Prime Minister Shinzo Abe said Monday that Tokyo has been communicating with Pyongyang through “various means” on the possibility of meeting with North Korean leader Kim Jong Un, while also voicing a positive note about the prospects of opening a three-way dialogue involving Washington.

Abe’s remarks during an Upper House Budget Committee session came on the heels of recent media reports saying Tokyo had conveyed to Pyongyang Abe’s willingness to hold talks with Kim, in the hope of making headway on the long-stalled abduction issue concerning Japanese taken by North Korean agents in the 1970s and ’80s.

The return of all abduction victims has been one of Abe’s top political goals.

The reported diplomatic engagement with Pyongyang, if true, signals a significant break from Abe’s adherence to the “maximum pressure” campaign against Kim’s regime — although some experts have called the move a not-so-subtle attempt to deflect public attention away from the unfolding Moritomo Gakuen document-tampering scandal.

“We have been communicating with North Korea through various means, including using embassy channels in Beijing, but I will refrain from revealing any further details,” Abe said in a carefully crafted response to a question about a potential Abe-Kim meeting by Ichita Yamamoto, a member of the prime minister’s ruling Liberal Democratic Party.

Abe also emphasized that he was not ruling out the possibility of Tokyo ever holding a trilateral summit with Pyongyang and Washington, although he acknowledged the feasibility of such a diplomatic breakthrough remained virtually nil for the immediate future.

Abe’s comments came during a debate with Democratic Party lawmaker Shinkun Haku, who suggested that the prime minister, upon possibly meeting Trump next month in the United States to discuss North Korea, volunteer to accompany the president to his meeting with Kim, which is to take place before the end of May.

Noting that it is unclear how committed Trump is to convincing Kim to return the abductees, Haku said Abe should consider “direct negotiations” with Kim instead.

“If you suggest to President Trump that you’re willing to accompany him to Pyongyang, the president may listen to you and say, ‘Well, if Shinzo says so’ . . . You two can work as a team” in dealing with Kim, Haku said.

Abe has tried hard to build a strong rapport with Trump since he was elected, frequently talking up the two countries’ “unprecedentedly strong” alliance under the his administration.

Responding to Haku’s question, Abe said it remains “diplomatically inconceivable” that he would try to force his way into the Trump-Kim dialogue, which is already in the works.

“Attending the Washington-Pyongyang summit will make it a trilateral meeting including Japan,” Abe said. “Unfortunately, North Korea has shown no indication at all that it is willing to do that, so I don’t think it’s possible at the moment.”

Japan, Abe added, can’t risk embarking on such a gamble unless there is a reasonable sign Pyongyang is willing to repatriate the abductees.

But at the same time, he said he was “not ruling out the possibility of a Japan-U.S.-North Korea summit meeting. We have to explore a variety of necessary options to solve serious issues we have with North Korea, including the abductions.”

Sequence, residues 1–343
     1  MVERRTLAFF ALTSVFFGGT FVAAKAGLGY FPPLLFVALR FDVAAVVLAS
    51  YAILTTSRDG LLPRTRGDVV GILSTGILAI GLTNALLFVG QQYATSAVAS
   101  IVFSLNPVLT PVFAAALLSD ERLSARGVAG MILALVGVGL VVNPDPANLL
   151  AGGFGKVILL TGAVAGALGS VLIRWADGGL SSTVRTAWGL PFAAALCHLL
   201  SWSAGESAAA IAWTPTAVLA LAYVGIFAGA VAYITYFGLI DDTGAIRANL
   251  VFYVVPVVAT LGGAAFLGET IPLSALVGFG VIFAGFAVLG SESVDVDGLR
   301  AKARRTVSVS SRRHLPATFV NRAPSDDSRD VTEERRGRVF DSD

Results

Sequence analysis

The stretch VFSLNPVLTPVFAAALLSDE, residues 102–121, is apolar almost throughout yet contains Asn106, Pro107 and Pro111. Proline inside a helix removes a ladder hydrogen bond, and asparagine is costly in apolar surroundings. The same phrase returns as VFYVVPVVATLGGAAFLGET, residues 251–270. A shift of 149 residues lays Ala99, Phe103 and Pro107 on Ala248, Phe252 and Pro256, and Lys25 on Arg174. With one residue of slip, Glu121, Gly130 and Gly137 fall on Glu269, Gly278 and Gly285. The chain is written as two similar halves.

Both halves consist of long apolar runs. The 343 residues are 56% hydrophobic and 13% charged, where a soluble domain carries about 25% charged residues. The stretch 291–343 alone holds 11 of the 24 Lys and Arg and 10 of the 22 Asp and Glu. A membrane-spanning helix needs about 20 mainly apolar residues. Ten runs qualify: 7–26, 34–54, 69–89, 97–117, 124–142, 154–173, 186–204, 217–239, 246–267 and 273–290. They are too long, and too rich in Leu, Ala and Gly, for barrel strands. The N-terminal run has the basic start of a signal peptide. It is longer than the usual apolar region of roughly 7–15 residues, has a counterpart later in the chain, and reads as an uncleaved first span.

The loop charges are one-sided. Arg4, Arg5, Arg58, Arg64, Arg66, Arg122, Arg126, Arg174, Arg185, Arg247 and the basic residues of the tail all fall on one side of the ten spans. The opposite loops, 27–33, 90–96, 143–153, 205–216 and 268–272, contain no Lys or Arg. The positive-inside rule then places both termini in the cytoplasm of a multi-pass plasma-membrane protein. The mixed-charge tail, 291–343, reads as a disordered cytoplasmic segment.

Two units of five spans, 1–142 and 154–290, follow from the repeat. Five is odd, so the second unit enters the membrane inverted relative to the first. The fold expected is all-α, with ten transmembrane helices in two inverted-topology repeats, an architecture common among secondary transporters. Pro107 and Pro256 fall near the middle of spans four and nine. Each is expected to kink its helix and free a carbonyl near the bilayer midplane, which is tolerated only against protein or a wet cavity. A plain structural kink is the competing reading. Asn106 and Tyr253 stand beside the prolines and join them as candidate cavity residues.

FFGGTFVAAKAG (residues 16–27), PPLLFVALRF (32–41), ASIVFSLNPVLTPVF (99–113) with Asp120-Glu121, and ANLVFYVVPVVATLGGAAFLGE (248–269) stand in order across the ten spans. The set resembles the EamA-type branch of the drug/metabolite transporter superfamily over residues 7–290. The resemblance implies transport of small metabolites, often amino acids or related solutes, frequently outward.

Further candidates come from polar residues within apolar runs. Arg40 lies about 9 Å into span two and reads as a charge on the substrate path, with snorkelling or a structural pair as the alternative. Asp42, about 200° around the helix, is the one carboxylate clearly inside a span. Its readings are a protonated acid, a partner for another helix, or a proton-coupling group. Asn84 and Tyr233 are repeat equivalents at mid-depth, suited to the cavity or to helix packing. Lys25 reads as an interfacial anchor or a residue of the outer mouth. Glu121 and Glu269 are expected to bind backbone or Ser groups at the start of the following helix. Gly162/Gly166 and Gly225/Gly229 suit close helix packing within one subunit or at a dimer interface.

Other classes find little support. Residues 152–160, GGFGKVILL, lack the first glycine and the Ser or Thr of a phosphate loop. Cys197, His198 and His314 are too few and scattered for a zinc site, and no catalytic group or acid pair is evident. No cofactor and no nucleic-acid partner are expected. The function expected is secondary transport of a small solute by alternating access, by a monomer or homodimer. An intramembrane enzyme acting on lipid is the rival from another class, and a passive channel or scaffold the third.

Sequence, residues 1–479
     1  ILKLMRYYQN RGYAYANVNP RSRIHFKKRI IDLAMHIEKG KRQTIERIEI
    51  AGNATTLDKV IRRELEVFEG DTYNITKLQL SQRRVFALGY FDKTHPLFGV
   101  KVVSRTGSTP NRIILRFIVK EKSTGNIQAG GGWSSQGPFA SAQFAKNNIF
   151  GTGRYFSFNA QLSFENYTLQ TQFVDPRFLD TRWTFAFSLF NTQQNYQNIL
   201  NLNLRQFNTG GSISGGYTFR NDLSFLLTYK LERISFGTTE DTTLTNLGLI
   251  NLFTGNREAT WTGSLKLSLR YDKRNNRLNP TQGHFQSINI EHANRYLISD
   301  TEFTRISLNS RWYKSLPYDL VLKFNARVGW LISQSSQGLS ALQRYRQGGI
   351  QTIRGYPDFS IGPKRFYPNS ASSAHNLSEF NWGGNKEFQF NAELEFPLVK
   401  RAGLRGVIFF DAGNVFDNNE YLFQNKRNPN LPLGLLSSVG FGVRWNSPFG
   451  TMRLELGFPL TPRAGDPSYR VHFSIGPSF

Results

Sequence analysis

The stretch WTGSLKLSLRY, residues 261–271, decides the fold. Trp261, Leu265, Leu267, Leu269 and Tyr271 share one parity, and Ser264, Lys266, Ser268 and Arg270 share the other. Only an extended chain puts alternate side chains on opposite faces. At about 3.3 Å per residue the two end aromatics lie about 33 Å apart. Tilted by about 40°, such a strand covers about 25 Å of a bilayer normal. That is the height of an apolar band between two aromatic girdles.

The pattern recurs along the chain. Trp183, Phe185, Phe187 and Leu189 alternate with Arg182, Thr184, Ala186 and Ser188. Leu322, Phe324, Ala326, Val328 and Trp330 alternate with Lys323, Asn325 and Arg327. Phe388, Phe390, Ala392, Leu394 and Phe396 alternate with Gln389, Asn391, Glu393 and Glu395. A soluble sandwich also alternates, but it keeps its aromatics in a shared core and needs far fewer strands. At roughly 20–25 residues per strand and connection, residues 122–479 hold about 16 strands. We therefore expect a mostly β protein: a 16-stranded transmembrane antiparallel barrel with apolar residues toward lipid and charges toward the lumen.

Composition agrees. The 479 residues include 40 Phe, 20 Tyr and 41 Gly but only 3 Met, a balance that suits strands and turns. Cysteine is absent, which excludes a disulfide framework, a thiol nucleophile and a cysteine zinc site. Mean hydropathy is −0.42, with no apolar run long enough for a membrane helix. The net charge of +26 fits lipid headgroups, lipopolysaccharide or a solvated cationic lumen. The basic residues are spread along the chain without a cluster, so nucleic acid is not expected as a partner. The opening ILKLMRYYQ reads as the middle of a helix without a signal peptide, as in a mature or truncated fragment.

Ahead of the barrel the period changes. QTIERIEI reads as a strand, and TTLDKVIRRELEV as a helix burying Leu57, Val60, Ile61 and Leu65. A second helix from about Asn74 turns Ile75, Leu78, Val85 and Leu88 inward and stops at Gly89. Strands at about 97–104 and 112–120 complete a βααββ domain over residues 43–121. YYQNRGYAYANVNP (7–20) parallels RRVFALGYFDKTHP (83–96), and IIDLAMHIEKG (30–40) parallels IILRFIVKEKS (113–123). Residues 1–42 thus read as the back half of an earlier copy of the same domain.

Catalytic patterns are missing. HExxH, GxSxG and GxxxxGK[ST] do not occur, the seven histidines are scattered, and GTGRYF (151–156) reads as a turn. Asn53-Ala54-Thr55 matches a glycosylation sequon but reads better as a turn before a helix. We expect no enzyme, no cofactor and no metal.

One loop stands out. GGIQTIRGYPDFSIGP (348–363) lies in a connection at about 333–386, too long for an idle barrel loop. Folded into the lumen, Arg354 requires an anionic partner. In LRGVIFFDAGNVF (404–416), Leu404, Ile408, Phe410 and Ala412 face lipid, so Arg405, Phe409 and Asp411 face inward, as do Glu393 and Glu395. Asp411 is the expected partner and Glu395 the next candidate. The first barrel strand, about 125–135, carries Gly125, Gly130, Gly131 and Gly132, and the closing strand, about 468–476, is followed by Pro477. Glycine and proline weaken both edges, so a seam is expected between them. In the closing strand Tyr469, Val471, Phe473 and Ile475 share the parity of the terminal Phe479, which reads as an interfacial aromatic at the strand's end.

DP lawmaker Haku’s suggestion that Abe’s personal relationship with Trump may work in Japan’s advantage follows Trump’s announcement last week that Japan won’t be excluded from the steel and aluminium tariffs that took effect Friday.

That move was widely seen as a slap in the face to Japan after Abe’s effort to cultivate a close relationships with the mercurial U.S. president.

“Your usual claim that Japan and U.S. are ‘100 percent together’ sounds a bit hollow right now. I’m sure I’m not the only who thinks that,” Tetsuro Fukuyama of the Constitutional Democratic Party told Abe.

Japan is also increasingly being viewed as the odd man out as South Korean President Moon Jae-in has referred to the possibility of a trilateral summit involving Washington and Pyongyang.

Still, members of Abe’s ruling party on Monday were quick to dismiss this narrative, with Foreign Minister Taro Kono, for one, stressing that Tokyo is closely in touch with Washington and Seoul.

“The argument that Japan is being kept out of the loop completely misses the point,” he said.

LDP lawmaker Keizo Takemi, while speaking to Abe, quoted unnamed sources from a Washington-based think tank aligned with Republicans as saying that Trump is somewhat “alienated” within his own administration and that he has a propensity to trust Abe more than close allies such as Secretary of Defense Jim Mattis and now-ousted National Security Adviser H.R. McMaster.

Takemi urged Abe to reassert Japan’s position during his meeting with Trump, which could come as early as next month, that continued sanctions are necessary to achieve the verifiable and irreversible dismantlement of Pyongyang’s nuclear programs.

“You can do this precisely because of the personal relationship of trust you have built with the president so far,” Takemi said during the Diet session.

Monday’s session took place a day before former National Tax Agency head Nobuhisa Sagawa was expected to give sworn testimony in the Diet over the falsification of documents related to the 2016 shady sale of a state-owned land to nationalist school operator Moritomo Gakuen.

During the debate, Abe also rejected opposition calls for a similar Diet appearance by his wife, Akie, whose name was found to have been deleted from the documents, stoking suspicions that the Finance Ministry struck the heavily discounted land deal due to her once close ties with the school operator.

“If there is anything you want to ask her about, I will answer instead with responsibility,” Abe said.

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